I appeared to have landed in the middle of an episode of ‘Frasier’. A dapper duo of middle-aged gents cut short their dissection of the latest South Australian Shiraz just as the superbly coiffed Vladimir Jablokov took to the stage for an evening of classical music – with a contemporary twist, apparently.

Not my normal bag for a Friday evening but having come to the Half Moon Theatre in the cultural quarter of Cork City, I had an open mind. Worst case scenario, I’d have a bit of a snooze and be fighting fit for the rest of the weekend.

But there was to be no sleeping. In fact, I was mesmerised from start to finish as the small but varied ensemble kept it interesting and entertaining throughout. The group consisted of two violins, a viola, a double bass, a piano and a drummer and it appeared more like a rock concert than a classical music performance. Some of the classical stuff was very familiar with Bach and Mozart mixed in with other obscure (to me) stuff. But the real treat was the arrangements of some classic rock tunes from the Rolling Stones’ ‘Paint It Black’ to Van Morrison’s ‘Moondance’.

The microphone was only used for a small bit of idle banter, with no singing involved, but the way Jablokov manipulated his instrument for Bowie’s ‘Life on Mars’ was worth the admission fee alone. The ‘Can Can’ was blasted out for the encore and it was hard to tell who was enjoying it more – the maestro or his minions. A truly great, if unexpected, night out.

If culture was the theme for Friday night, well Saturday was all about gastronomy.

The day started off with a substantial breakfast setting me up for my tour of the town – no open-top bus but a food-based walking tour. It was a mixture of the Cork City Food & Drinks Trail and the very novel Flavours of Cork iWalk, an audio tour that can be downloaded from the Discover Ireland website.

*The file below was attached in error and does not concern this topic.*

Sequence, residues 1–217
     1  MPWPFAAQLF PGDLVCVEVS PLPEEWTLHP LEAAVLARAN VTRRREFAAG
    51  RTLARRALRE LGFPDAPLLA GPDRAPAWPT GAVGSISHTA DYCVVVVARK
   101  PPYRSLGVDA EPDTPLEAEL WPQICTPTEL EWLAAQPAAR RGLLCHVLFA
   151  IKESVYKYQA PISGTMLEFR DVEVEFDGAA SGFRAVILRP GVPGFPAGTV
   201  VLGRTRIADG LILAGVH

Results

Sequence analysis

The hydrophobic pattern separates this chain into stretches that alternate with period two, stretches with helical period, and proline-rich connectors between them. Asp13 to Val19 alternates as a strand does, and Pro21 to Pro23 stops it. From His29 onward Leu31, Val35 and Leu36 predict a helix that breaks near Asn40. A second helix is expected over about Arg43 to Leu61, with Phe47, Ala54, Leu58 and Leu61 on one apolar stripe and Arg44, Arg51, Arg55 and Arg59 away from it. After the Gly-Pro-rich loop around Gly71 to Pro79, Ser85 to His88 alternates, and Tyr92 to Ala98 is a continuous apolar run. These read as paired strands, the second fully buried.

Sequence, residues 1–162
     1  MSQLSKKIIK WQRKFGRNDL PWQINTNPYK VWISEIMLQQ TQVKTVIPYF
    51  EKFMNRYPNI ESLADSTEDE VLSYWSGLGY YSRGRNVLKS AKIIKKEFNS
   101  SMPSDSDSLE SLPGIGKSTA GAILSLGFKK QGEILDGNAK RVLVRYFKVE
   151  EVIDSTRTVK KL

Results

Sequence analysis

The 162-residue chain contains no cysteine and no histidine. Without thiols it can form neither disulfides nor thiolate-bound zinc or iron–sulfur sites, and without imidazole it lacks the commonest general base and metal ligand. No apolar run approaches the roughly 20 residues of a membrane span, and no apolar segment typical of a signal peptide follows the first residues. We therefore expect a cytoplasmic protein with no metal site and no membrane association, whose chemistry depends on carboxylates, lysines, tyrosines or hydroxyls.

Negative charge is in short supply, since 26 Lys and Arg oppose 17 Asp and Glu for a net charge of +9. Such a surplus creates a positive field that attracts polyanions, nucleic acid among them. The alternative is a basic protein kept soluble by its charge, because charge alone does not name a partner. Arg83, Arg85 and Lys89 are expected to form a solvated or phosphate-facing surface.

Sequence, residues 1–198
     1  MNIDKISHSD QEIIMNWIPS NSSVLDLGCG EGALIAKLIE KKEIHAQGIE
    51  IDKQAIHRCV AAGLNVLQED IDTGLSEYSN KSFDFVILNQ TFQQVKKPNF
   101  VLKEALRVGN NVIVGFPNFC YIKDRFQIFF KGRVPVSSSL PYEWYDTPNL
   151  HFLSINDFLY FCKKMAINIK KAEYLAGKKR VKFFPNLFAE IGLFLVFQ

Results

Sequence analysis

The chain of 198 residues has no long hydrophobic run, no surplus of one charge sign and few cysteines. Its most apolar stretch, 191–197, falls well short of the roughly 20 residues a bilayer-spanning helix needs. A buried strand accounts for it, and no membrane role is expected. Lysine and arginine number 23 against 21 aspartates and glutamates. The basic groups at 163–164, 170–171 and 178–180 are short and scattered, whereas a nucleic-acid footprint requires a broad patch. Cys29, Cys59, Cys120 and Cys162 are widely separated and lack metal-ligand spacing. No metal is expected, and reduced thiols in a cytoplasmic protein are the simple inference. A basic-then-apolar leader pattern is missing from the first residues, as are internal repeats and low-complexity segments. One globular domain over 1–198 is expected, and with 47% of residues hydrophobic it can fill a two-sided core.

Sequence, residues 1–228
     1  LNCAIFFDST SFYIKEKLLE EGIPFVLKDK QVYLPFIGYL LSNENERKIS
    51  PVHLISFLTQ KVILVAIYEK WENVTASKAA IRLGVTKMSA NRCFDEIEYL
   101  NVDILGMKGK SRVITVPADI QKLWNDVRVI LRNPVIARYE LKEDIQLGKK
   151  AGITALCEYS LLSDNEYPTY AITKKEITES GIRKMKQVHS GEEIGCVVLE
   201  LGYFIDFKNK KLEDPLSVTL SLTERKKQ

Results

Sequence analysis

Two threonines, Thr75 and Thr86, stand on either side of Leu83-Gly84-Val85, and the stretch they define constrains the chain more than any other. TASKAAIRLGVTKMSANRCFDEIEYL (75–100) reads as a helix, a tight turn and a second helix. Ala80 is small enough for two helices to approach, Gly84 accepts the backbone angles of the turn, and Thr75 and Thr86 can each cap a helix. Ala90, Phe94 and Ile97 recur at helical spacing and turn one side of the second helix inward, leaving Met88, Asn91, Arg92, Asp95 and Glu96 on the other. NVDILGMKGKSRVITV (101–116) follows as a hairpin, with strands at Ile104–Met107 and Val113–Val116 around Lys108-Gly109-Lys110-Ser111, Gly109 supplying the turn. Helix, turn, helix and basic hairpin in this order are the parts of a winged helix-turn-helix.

They say, “The smell on Patrick’s Hill is wicked, how does Father Matthew stick it?”, but the only aroma wafting about the lower slopes of the aforementioned gradient was of the coffee bean variety. First stop Cork Coffee Rosters café.

With a pot of breakfast coffee only beginning to kick in, I opted for a hot chocolate and a kind of Bakewell-type cake and took an early time-out to read the papers, as a non-stop trail of tourists and locals popped in for their morning fix.

There won’t be many cats swung in this quaint little coffee shop but an hour will fly by as you flick through your purchases from the neighbouring book shop or indulge in a spot of people watching from behind the safety of your mocha mug.

The Firkin Crane So with my caffeine and sugar quotas already reached, I bounced uphill in search of the Butter Exchange in the old market area. It was all closed up for the weekend but it wasn’t a wasted journey as I stumbled across the Firkin Crane and the Shandon Craft Centre.

The stonework has been ‘cleaned’ in parts by some very creative stencilling, which seems to add character to the already old buildings.

Down Shandon Street to Pope’s Quay and the next stop was the Franciscan Well Brewery – a micro brewery serving decent homemade beer.

There were several locations on the map that weren’t that interesting and more than a few were closed on weekends, but it was a very enjoyable way of finding my bearings – a feat never accomplished on any of my previous trips to the ‘Real Capital’.

The English MarketThe last stop was the English Market, which specialises in Cork’s local produce and dates back to 1788 – just in case you were looking for a bit of tripe, drisheen or black pudding to bring home with you.

Sunday was a lazier day by comparison, strolling up around St Fin Barre’s Cathedral, in and around the pretty campus of University College Cork and down the river to Fitzgerald’s Park.